Wednesday, May 23, 2007
"My mother was a very powerful woman. This was so in a time when that word-combination of woman and powerful was almost unexpressable in the white american common tongue, except or unless it was accompanied by some aberrant explaining adjective like blind, or hunchback, or crazy, or Black. therefore when I was growing up, powerful woman equaled something else quite different from ordinary woman, from simply "woman." It certainly did not, on the other hand, equal "man." What then? What was the third designation?" - Audre Lorde in Zami: A New Spelling of My Name.
"Usually, I love the dynamics of a cheeky woman puncturing the ego of a cocky guy.
I liked it in '40s movies, and I liked it with Katie Couric and Bryant Gumbel, and Cybill Shepherd and Bruce Willis in "Moonlighting."
So why don't I like it with Michelle and Barack?" - Maureen Dowd in her column (click the #1 search item for full text w/o registration).
Because she's black, Maureen. And a woman.
Now, I realize I'm laying down a bold claim. I don't know what Dowd thinks about Hillary or what she thought of Mrs. Heinz-Kerry, but I do see something unsettling in her critique of Michelle Obama's treatment of her husband. In the article, she discusses Michelle's tendency to humanize Obama through (what I would consider) teasing. I understand Dowd's critique that this humanization starts from an understanding that he is more than that: a superhero only dressed like one of us. But let's face it, famous politicians are more than their bodies. Bush, Cheney, Clinton, Obama, Pelosi, Kennedy, and Guliani all stand for something bigger than their life experiences. It's a longstanding trend and one that is worthy of a brief historical analysis.
Black (male) leaders have always been seen as more than human since most of our community bought into (even after bondage, we had agency) a system of patriarchy that states that as the norm anyway. From Douglass to DuBois to King, these figures have benefited from a system of patriarchy that historicizes them as demigods while their female counterparts (Sojourner Truth, Ann Plato, Lucy Delaney, Mary McLeod Bethune, Irene Morgan, and Claudette Covin to name a few) remain unwritten or passively written in history books. It is also a system that demands the oppression of these men as non-white members of a hierarchical oppressive system.
Michelle Obama does not “emasculate” Barack as she jokingly reveals his flaws, she liberates him from an imposed hypermasculine and distant identity forced upon other men, especially men of color. While I do not think this a necessary duty of a significant other, I do see it as teamwork on the part of the Obamas. This seems to be a system that has worked well throughout their marriage, and I am glad that the campaign trail will not force either of them into foreign and constrictive gender roles.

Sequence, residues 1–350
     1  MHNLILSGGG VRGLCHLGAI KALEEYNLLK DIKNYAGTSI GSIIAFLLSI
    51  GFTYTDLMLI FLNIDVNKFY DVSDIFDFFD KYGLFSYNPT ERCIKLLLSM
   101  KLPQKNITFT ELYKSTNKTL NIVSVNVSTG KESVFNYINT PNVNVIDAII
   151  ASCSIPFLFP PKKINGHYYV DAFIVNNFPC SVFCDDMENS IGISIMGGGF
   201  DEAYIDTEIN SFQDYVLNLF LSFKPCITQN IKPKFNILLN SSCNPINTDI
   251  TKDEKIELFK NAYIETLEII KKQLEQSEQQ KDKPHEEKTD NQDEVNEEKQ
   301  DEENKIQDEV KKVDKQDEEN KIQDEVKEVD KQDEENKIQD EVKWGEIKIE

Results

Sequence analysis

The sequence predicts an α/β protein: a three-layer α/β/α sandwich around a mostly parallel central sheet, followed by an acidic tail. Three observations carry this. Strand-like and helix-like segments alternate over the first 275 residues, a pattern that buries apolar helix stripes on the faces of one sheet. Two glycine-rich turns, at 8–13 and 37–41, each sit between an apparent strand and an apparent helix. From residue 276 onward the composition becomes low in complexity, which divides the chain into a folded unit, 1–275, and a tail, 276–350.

Dowd, for whatever reason, sees Michelle in light of Barack. It could be the trappings of the potential first lady position or it could be perpetuated by racial or gender bias. I think all factors are to blame since this piece might also fall into a similar framework. Let’s try to change that. What does Michelle have to say about this? In a USA TODAY article, she does not directly address Dowd’s critique when asked about it she simply said that Dowd “doesn’t understand.” In other comments though, it really seems like she is sincerely trying to get America to judge Obama as a person rather than a deity. Looking at Camille’s piece a few posts back, it might be a good idea. She says:
It’s important at this time for people to feel like they own this process and that they don’t turn it over to the next messiah, who’s going to fix it all, you know? And then we’re surprised when people turn out not to be who we’ve envisioned them to be. There is a specialness to him [but] if he’s doing his job, he’s going to say things you don’t agree with.
Responding to John F. Kennedy’s pristine Camelot model, Michelle is deliberate in her stance:
“Camelot to me doesn’t work. It was a fairy tale that turned out not to be completely true because no one can live up to that. And I don’t want to live like that.”
I think that last line is critical. Michelle sees this period before the primaries and possibly general election as real life. Not time where events, people, and personalities can be suspended for the public eye. She knows a Messianic politician is very close to, if not already, an oxymoron and is using her agency to anticipate the inevitable Obama deflation by emphasizing the positive but not lying or hiding the negative, even if it’s unseen to everyone but her.
Michelle Obama does not seem to believe in these safe spaces we bring up on TNS. Or rather, she believes in a safe yet public space for her own career and her own life instead of a private one where potential problems with Barack would fester. It seems to be a matter of possession. She knows he could be ours (if only representatively) and wants us to see things from her perspective to facilitate an easy and honest process of electing the best person for the job. It might just be me, but I find that admirable.
As for Ms. Dowd, I don't think she knows what to do with a strong black female who will not simply sit and smile but instead will be her own person free and willing to examine her husband's behavior, politics, and his public reception when she thinks it’s appropriate. I don't think Michelle should remove herself to the business side of Barack's campaign, as Dowd suggests. After all, Michelle’s speeches on the campaign just might be implicitly critiquing those oppressive systems that relegate her to that third unnamed designation far from recognition or understanding. Neither a mammy nor a jezebel, Michelle Obama is free from the usual expectations for black women. Equipped with a high profile career and an educated black man, Michelle Obama is writing her own history.